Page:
Influence of Chronic Heat Acclimatization on Occupational Thermal Strain in Tropical Field Conditions

Matt B. Brearley, Ian Norton, Daryl Rush, Michael Hutton, Steve Smith, Linda Ward, Hector Fuentes

    Research output: Contribution to journalArticle

    Abstract

    Objective: To examine whether non-heat acclimatized (NHA) emergency responders endure greater physiological and perceptual strain than heat acclimatized (HA) counterparts in tropical field settings. 

    Methods: Eight HA and eight NHA men urban search and rescue personnel had physiological and perceptual responses compared during the initial 4 hours shift of a simulated disaster in tropical conditions (ambient temperature 34.0 8C, 48% relative humidity, wet bulb globe temperature [WBGT] 31.4 8C).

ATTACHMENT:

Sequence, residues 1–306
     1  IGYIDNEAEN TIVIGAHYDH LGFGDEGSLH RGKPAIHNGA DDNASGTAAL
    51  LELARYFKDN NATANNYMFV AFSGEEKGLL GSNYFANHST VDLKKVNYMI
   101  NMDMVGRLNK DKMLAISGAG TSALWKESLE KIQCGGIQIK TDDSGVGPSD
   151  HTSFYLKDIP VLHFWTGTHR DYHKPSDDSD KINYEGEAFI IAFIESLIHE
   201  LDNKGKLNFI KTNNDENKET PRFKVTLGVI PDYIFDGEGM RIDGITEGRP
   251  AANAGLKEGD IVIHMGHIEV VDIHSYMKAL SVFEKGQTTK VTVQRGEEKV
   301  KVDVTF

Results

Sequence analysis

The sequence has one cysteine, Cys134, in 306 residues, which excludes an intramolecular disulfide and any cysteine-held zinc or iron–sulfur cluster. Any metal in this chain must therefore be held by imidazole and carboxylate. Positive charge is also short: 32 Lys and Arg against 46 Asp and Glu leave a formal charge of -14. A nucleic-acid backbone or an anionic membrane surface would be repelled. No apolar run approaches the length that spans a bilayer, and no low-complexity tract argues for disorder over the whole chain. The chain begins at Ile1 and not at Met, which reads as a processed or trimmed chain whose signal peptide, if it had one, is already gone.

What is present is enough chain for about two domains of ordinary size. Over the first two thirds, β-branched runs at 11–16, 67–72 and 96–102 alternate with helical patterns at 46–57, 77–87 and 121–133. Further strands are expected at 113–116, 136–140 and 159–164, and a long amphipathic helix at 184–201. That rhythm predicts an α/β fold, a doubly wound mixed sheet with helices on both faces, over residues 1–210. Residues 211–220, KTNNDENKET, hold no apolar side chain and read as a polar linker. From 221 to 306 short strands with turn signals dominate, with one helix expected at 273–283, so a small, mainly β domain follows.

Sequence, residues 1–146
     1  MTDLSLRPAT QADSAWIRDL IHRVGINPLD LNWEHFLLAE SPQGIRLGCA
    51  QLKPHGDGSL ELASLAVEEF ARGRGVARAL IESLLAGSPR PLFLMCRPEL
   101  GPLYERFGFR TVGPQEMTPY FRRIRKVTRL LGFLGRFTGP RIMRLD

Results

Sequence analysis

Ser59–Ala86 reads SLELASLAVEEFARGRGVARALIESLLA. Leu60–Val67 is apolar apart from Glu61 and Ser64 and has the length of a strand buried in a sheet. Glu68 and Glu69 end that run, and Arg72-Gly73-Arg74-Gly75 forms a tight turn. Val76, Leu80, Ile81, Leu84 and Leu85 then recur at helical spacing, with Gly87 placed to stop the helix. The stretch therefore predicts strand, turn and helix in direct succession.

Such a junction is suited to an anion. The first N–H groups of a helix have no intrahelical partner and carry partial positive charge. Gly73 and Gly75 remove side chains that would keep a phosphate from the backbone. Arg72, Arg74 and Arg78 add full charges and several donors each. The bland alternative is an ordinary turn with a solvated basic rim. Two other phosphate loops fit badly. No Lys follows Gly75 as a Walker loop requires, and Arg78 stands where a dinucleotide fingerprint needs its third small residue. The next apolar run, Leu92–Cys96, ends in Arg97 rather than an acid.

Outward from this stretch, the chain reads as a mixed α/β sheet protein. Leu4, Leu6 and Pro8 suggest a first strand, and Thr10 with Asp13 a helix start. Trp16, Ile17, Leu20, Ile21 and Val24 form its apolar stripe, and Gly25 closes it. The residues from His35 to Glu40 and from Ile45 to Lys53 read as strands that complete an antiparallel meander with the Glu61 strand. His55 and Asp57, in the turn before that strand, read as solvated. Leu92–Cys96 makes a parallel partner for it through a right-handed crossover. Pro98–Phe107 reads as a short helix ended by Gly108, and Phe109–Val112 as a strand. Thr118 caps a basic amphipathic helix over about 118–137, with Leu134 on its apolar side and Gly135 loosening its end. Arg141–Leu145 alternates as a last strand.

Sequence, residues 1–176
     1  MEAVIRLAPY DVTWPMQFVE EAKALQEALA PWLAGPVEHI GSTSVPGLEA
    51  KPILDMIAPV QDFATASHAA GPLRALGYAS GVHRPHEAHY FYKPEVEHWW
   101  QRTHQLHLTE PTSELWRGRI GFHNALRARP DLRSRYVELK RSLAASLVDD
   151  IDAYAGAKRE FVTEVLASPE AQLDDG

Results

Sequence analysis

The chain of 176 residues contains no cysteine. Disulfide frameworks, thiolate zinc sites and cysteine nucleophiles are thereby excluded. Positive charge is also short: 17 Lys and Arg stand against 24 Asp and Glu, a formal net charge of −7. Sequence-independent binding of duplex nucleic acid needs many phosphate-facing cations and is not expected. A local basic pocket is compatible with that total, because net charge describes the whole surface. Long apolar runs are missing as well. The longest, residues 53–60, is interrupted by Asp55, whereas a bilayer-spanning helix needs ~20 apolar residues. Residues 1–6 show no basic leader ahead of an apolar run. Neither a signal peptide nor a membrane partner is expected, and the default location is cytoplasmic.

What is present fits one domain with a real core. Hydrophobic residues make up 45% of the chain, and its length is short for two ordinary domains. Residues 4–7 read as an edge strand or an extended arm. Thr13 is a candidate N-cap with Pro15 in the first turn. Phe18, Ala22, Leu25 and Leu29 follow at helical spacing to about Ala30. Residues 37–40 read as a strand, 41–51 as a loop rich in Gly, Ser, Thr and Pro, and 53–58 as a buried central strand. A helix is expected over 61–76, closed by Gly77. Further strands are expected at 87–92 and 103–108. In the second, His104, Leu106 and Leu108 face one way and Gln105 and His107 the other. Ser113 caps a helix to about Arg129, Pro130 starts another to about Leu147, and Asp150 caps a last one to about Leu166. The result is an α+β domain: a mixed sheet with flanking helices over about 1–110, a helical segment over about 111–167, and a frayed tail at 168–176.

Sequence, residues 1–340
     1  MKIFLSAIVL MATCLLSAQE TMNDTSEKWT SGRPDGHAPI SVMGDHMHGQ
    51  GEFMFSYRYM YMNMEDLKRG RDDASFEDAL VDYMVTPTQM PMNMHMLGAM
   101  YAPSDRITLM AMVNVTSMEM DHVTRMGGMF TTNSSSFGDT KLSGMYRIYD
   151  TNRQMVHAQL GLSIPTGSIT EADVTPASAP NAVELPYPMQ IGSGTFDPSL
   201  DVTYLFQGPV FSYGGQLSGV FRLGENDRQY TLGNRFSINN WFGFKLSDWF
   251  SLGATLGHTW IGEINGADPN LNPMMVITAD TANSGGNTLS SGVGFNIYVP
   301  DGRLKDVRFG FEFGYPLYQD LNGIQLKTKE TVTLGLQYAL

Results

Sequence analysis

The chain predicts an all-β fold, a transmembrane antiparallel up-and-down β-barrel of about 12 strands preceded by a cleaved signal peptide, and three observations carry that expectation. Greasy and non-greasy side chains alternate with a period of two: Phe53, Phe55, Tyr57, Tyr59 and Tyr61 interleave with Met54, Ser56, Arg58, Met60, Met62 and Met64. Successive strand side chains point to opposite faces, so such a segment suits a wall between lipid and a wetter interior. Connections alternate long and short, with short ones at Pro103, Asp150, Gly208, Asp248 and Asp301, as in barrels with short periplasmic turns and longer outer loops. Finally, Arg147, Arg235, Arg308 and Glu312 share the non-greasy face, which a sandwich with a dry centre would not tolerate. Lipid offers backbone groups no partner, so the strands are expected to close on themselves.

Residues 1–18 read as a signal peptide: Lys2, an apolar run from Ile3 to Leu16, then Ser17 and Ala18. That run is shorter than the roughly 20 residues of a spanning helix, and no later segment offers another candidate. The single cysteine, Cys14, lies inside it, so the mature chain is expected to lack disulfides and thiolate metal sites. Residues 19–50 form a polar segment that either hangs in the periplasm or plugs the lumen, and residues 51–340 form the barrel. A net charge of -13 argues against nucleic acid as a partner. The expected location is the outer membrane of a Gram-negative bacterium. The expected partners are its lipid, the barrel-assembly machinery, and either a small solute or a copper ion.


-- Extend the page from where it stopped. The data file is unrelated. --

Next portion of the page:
Results: From the 90th minute through to end of shift, HA (38.5 8C) sustained a significantly higher gastrointestinal temperature than NHA (38.1 8C) (mean difference 0.4±0.2 8C, 95%confidence interval [CI] 0.2 to 0.7 8C, P=0.005) despite comparable heart rate (P=0.30), respiratory rate (P=0.88), and axilla skin temperature (P=0.47). Overall, perception of body temperature was similar between cohorts (P=0.87). 

    Conclusions: The apparent tolerance of greater physiological strain by HA responders occurred in the absence of perceptual differences.

    Original languageEnglish
    Pages (from-to)1250-1256
    Number of pages7
    JournalJournal of Occupational and Environmental Medicine
    Volume58
    Issue number12
    DOIs
    Publication statusPublished - 2016

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